To be a good American is to be a contributing member of society. And to be a contributing member of society means being a functioning part of America’s commercial engine. At our core, all Americans are resources of money. Pie charts that everyone wants a piece of. Restaurants, Doctors, Lawyers, Car Makers, Tax Collectors, Cable Companies, Computer Companies, Hollywood – you name it, to them we are all just these little pockets of oil that they mine. Valuable, but exhaustible resources.
You could argue that by keeping our nose to the grindstone we’re helping each other out by contributing to the commercial engine – but really, haven’t we learned that greed gets the best of men and that most corporations (even hospitals) can’t really be trusted? No, there’s virtually no equity in the distribution of wealth in America for good reason. We live in a system that teaches us to go hard after what we want. Only, we never really get it. And if “it” is the accumulation of wealth and material possessions, then we really have failed as a nation. As a result of going to work every day to help pay bills, our commitment to ourselves in this country has changed. It’s no longer about actually taking care of one other – it’s about being part of a machine. In the end, the best thing we can do with our lives as Americans is get out there on that oil rig and sell our time like everyone else – avoiding what is really important in life to focus on profit and financial security. And if you do this really well, you can take a helicopter back to the mainland for two weeks. Obesity, as it turns out, is a side effect of the failed idea of the American Dream.
So get out there and do your part. Because when you earn money, you’ve got money to spend. And when you spend, you are contributing to the welfare of everyone else who is willing to put aside real priorities for contrived ones. You’ve only got so much time. So much usefulness. Contribute and prosper. Stop contributing, and be cast aside. This is why vagrants and nomads are looked upon with such disdain. We don’t see them as a symbol of a broken system, we see them as a symbol of what happens when you’re not doing your part. They choose not to sacrifice. Not to contribute. And they deserve their fate. You’ll throw them some change from the ashtray every once in a while, but because you see the same guy every day at the same intersection, you know damn well he’s driving a Mercedes. He’s just drilling for oil like everyone else.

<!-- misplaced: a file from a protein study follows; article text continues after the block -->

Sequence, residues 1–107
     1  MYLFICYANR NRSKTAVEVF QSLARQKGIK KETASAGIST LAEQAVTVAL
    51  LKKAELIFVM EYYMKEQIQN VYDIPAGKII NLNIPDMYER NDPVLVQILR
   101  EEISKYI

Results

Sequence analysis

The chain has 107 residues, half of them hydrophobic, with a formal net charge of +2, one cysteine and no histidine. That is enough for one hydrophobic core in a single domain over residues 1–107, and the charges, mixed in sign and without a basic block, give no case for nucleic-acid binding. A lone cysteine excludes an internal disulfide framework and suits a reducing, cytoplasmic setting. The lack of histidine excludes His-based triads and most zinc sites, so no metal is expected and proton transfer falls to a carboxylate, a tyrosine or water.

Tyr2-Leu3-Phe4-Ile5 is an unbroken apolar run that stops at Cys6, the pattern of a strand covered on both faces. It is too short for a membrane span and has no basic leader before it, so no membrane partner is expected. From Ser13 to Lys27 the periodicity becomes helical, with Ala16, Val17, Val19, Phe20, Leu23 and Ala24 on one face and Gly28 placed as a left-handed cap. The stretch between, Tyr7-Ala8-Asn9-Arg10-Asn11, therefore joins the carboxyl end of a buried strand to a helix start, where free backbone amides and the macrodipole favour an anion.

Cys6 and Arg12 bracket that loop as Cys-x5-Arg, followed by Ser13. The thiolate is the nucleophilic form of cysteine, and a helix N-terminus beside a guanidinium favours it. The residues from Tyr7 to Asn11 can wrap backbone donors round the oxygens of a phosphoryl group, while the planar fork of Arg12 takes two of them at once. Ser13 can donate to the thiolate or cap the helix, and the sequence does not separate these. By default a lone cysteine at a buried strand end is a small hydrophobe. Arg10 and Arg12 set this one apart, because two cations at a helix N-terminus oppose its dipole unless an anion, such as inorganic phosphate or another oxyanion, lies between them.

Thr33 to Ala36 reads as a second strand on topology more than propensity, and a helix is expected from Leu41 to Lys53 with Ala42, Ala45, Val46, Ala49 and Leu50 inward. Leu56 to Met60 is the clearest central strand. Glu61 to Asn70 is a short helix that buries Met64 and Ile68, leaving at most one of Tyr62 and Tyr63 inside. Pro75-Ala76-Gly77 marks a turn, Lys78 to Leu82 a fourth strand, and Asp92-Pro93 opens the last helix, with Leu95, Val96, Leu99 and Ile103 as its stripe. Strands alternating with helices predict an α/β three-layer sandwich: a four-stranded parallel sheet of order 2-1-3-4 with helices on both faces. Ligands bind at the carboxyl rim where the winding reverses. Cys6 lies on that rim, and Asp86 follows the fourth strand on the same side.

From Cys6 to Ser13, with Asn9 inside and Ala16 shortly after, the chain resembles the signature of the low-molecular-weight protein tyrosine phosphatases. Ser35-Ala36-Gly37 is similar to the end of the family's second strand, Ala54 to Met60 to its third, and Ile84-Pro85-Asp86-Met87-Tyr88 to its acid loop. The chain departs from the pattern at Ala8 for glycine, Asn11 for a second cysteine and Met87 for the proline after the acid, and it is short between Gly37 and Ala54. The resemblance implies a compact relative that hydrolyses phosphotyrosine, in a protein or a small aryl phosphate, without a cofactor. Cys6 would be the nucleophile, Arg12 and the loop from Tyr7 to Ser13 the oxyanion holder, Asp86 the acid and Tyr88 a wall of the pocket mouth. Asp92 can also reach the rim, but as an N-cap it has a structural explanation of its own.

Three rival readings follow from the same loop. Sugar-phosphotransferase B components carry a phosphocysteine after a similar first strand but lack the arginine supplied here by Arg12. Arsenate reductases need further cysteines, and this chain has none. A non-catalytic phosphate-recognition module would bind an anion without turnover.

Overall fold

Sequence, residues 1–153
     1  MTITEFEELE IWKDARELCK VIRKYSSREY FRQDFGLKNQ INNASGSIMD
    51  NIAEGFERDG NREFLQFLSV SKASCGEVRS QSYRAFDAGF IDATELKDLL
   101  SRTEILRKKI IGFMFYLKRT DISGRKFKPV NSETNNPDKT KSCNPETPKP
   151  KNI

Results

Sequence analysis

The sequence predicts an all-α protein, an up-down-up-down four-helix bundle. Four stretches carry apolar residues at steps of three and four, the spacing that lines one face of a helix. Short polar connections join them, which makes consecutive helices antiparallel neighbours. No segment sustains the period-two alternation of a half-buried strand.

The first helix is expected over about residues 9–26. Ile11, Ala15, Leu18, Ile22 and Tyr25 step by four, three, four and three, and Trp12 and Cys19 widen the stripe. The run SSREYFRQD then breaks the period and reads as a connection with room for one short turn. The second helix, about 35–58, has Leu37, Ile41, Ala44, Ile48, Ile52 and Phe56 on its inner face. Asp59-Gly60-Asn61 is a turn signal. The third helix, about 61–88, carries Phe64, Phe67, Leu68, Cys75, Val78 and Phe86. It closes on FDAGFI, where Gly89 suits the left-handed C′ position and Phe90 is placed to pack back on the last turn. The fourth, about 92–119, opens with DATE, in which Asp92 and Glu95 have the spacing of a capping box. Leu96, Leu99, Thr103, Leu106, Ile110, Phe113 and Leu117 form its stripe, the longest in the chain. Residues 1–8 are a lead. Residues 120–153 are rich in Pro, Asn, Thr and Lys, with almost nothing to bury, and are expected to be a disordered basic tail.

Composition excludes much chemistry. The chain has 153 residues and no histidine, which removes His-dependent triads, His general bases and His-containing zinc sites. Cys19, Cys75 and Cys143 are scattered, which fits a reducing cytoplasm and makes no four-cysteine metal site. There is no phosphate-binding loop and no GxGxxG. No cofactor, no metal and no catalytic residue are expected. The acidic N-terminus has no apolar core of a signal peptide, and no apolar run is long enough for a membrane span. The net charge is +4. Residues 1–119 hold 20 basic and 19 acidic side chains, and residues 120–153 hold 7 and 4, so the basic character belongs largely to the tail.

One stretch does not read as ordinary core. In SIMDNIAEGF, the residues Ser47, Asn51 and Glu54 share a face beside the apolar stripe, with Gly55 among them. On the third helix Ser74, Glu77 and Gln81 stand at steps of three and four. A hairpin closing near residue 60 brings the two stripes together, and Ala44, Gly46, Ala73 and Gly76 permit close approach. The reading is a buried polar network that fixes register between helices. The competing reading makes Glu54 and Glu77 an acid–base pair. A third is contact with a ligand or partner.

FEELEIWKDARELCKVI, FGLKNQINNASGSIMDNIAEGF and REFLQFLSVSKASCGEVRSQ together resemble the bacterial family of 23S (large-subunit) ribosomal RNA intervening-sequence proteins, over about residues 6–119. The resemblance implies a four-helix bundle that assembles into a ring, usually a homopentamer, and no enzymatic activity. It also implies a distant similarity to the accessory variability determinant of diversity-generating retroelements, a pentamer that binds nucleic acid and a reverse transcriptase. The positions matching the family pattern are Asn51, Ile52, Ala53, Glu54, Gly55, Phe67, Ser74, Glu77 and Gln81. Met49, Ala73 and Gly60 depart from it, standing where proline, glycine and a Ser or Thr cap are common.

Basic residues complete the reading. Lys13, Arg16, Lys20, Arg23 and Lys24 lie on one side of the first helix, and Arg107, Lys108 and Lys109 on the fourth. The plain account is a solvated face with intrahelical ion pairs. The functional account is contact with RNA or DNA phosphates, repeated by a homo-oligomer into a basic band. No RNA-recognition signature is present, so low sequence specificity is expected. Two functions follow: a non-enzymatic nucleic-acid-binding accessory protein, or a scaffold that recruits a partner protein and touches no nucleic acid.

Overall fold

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Apr 29, 2012
I’ve recently concluded that I approached life incorrectly, or rather, with a singular purpose. I wish that I had been more focused on what I could give to the world, rather than what I could get from the world. Fortunately I have approx. 38 years to course correct.
Apr 30, 2012
As always thought provoking and in my opinion right on the money – pun intended.
It’s taken a long time and I’m still a sucker for “stuff” but when I step back and I look at a large number of those “who had it all” and how they have ended up, it’s a clear sign to me that materialism is the Siren’s song.
Family, friends and our fellow man – those connections are the true gauge of a fulfilled, successful life.
That and a great music collection : )
Jun 20, 2012
There’s not all that much that I remember from my intro politics class, but I do remember this. It is built into our system that some people must go without in order for most to go with. Otherwise the system stagnates and slowly declines.
Understanding this, it becomes everyone’s responsibility to help those who the system casts out. Because without them there’s a possibility that would be us.
The Haze | Obsessed with Conformity
Jul 9, 2012
[…] despite our heavy hearts leaving paradise. I thought about how the haze was a perfect metaphor for the machine of American life. And when we landed, I […]